Feeds

California pair charged with multistate credit card fraud

'Adam Constant' and the case of the missing suitcase

The Power of One eBook: Top reasons to choose HP BladeSystem

Federal authorities have accused a California pair of racking up more than $50,000 in fraudulent charges using more than 100 cloned credit cards.

Joseph Hatfield, 27, and Jahmeelah Sullins, 22, of Sacramento, used the cards over a five-month period starting in February, according to documents filed in federal court in Sacramento. Together, they charged perfume, clothes, and gift cards to the counterfeits, which were made by copying track data from legitimate cards and encoding them to the magstripes of blank cards.

The scheme unraveled when Hatfield was flying from Sacramento to Phoenix and a black suitcase he was traveling with lost its baggage claim tag. When Southwest Airlines employees opened it, they found a credit card reader/writer, 25 credit cards, and a California driver license in the name of someone named Adam Constant.

Detectives for the Sacramento County Sheriff soon discovered that the numbers on the cards didn't match the banks that were printed on the cards. They also found that many of them had been used to buy sweaters, jeans, and other items.

The contraband would probably have remained a mystery were it not for a call Hatfield placed to the airline inquiring about a lost black suitcase. When investigators checked the picture on Hatfield's license, they found it matched the one purporting to be Adam Constant. A search of Hatfield's residence turned up more than 100 phony credit cards.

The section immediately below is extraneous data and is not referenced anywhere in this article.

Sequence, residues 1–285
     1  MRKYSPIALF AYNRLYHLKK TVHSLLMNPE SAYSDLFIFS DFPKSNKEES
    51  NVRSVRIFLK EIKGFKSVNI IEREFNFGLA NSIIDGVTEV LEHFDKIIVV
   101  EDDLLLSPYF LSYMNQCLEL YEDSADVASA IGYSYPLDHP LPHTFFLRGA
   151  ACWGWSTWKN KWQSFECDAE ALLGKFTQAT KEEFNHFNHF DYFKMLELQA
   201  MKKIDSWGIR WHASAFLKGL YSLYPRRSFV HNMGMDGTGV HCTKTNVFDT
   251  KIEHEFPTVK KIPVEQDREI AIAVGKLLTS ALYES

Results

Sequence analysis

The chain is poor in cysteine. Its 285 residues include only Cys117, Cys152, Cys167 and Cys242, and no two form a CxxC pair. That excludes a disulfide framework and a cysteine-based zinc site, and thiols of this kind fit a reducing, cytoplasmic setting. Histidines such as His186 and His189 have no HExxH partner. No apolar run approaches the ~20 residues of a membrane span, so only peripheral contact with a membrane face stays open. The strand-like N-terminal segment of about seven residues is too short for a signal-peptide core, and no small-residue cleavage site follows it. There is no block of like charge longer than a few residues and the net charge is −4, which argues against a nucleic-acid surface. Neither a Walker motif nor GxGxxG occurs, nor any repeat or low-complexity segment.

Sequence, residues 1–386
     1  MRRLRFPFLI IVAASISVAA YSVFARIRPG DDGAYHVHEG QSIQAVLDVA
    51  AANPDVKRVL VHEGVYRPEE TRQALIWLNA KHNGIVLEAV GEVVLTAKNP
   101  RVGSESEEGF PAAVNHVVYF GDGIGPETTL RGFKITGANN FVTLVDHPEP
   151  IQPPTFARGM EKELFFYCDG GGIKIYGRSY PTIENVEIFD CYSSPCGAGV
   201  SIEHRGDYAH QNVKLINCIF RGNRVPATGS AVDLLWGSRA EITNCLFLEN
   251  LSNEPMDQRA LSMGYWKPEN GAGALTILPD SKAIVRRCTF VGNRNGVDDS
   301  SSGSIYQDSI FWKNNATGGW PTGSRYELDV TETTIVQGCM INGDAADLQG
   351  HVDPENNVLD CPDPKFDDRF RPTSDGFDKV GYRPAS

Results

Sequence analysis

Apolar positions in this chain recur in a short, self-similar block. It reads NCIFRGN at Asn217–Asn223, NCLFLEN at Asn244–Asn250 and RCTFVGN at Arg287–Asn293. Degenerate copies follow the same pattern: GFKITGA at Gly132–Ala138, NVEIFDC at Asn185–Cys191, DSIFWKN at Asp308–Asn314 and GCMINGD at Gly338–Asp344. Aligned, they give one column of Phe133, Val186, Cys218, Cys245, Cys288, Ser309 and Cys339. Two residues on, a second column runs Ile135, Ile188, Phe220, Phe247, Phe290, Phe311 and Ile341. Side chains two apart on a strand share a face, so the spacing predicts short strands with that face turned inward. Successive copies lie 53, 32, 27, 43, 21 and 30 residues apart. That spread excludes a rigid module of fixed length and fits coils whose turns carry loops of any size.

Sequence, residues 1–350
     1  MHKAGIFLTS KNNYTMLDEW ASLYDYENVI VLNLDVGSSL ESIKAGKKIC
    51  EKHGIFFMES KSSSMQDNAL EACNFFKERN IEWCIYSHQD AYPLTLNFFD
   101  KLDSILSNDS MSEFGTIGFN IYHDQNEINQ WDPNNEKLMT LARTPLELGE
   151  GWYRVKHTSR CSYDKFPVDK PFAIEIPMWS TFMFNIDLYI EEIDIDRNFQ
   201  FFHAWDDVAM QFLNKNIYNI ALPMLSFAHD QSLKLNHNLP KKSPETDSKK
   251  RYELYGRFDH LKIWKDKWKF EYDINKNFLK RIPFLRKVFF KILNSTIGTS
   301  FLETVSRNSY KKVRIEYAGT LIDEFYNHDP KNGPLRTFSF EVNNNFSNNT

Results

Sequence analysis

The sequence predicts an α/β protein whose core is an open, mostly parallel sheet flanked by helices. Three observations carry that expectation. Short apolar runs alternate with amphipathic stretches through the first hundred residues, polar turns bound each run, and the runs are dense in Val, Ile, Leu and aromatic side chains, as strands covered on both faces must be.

Hatfield and Sullins were charged with conspiracy and access device fraud. Hatfield was also charged with possession of device-making equipment. If convicted on all charges, Hatfield faces a maximum of 30 years in prison, and Sullins faces a maximum of 15 years.

A public defender didn't return a call seeking comment. ®

Designing a Defense for Mobile Applications

More from The Register

next story
Secure microkernel that uses maths to be 'bug free' goes open source
Hacker-repelling, drone-protecting code will soon be yours to tweak as you see fit
How long is too long to wait for a security fix?
Synology finally patches OpenSSL bugs in Trevor's NAS
Roll out the welcome mat to hackers and crackers
Security chap pens guide to bug bounty programs that won't fail like Yahoo!'s
HIDDEN packet sniffer spy tech in MILLIONS of iPhones, iPads – expert
Don't panic though – Apple's backdoor is not wide open to all, guru tells us
Researcher sat on critical IE bugs for THREE YEARS
VUPEN waited for Pwn2Own cash while IE's sandbox leaked
Four fake Google haxbots hit YOUR WEBSITE every day
Goog the perfect ruse to slip into SEO orfice
Putin: Crack Tor for me and I'll make you a MILLIONAIRE
Russian Interior Ministry offers big pile o' roubles for busting pro-privacy browser
prev story

Whitepapers

Designing a Defense for Mobile Applications
Learn about the various considerations for defending mobile applications - from the application architecture itself to the myriad testing technologies.
Implementing global e-invoicing with guaranteed legal certainty
Explaining the role local tax compliance plays in successful supply chain management and e-business and how leading global brands are addressing this.
Top 8 considerations to enable and simplify mobility
In this whitepaper learn how to successfully add mobile capabilities simply and cost effectively.
Seven Steps to Software Security
Seven practical steps you can begin to take today to secure your applications and prevent the damages a successful cyber-attack can cause.
Boost IT visibility and business value
How building a great service catalog relieves pressure points and demonstrates the value of IT service management.